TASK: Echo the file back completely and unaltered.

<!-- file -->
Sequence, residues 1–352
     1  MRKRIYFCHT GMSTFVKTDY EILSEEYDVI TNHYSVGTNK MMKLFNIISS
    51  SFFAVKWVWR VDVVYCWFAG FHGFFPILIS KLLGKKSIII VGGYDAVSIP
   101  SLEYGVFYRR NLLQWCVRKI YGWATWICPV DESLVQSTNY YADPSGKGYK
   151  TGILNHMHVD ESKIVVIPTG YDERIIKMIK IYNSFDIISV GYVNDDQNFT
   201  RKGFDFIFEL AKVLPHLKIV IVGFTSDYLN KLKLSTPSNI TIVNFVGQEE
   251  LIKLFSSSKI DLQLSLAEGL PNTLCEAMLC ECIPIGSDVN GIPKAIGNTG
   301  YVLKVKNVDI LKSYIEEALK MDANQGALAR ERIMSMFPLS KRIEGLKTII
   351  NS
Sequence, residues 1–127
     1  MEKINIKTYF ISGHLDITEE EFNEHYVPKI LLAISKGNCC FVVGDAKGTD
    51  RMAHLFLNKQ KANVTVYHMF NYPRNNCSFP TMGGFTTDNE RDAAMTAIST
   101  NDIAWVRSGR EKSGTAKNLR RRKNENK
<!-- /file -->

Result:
Sequence, residues 1–352
     1  MRKRIYFCHT GMSTFVKTDY EILSEEYDVI TNHYSVGTNK MMKLFNIISS
    51  SFFAVKWVWR VDVVYCWFAG FHGFFPILIS KLLGKKSIII VGGYDAVSIP
   101  SLEYGVFYRR NLLQWCVRKI YGWATWICPV DESLVQSTNY YADPSGKGYK
   151  TGILNHMHVD ESKIVVIPTG YDERIIKMIK IYNSFDIISV GYVNDDQNFT
   201  RKGFDFIFEL AKVLPHLKIV IVGFTSDYLN KLKLSTPSNI TIVNFVGQEE
   251  LIKLFSSSKI DLQLSLAEGL PNTLCEAMLC ECIPIGSDVN GIPKAIGNTG
   301  YVLKVKNVDI LKSYIEEALK MDANQGALAR ERIMSMFPLS KRIEGLKTII
   351  NS
Sequence, residues 1–127
     1  MEKINIKTYF ISGHLDITEE EFNEHYVPKI LLAISKGNCC FVVGDAKGTD
    51  RMAHLFLNKQ KANVTVYHMF NYPRNNCSFP TMGGFTTDNE RDAAMTAIST
   101  NDIAWVRSGR EKSGTAKNLR RRKNENK